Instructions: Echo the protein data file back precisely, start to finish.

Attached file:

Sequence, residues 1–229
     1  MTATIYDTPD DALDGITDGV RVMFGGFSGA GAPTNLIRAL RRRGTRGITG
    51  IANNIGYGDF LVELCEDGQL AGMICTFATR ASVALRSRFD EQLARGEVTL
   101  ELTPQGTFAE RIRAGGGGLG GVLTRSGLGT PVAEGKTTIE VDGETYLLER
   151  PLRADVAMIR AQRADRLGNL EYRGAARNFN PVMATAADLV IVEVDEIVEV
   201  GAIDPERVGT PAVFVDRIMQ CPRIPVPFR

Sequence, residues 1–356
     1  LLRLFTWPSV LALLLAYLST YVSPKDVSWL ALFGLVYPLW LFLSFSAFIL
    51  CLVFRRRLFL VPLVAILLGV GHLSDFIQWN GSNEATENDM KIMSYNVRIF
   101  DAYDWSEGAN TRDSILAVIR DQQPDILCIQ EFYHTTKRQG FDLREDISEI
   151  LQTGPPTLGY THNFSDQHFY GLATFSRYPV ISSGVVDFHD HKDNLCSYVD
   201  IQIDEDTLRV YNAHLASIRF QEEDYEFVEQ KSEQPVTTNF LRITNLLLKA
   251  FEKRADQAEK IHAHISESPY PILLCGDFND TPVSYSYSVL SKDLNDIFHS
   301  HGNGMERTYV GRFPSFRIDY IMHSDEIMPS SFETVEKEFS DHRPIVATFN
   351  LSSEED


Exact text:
Sequence, residues 1–229
     1  MTATIYDTPD DALDGITDGV RVMFGGFSGA GAPTNLIRAL RRRGTRGITG
    51  IANNIGYGDF LVELCEDGQL AGMICTFATR ASVALRSRFD EQLARGEVTL
   101  ELTPQGTFAE RIRAGGGGLG GVLTRSGLGT PVAEGKTTIE VDGETYLLER
   151  PLRADVAMIR AQRADRLGNL EYRGAARNFN PVMATAADLV IVEVDEIVEV
   201  GAIDPERVGT PAVFVDRIMQ CPRIPVPFR

Sequence, residues 1–356
     1  LLRLFTWPSV LALLLAYLST YVSPKDVSWL ALFGLVYPLW LFLSFSAFIL
    51  CLVFRRRLFL VPLVAILLGV GHLSDFIQWN GSNEATENDM KIMSYNVRIF
   101  DAYDWSEGAN TRDSILAVIR DQQPDILCIQ EFYHTTKRQG FDLREDISEI
   151  LQTGPPTLGY THNFSDQHFY GLATFSRYPV ISSGVVDFHD HKDNLCSYVD
   201  IQIDEDTLRV YNAHLASIRF QEEDYEFVEQ KSEQPVTTNF LRITNLLLKA
   251  FEKRADQAEK IHAHISESPY PILLCGDFND TPVSYSYSVL SKDLNDIFHS
   301  HGNGMERTYV GRFPSFRIDY IMHSDEIMPS SFETVEKEFS DHRPIVATFN
   351  LSSEED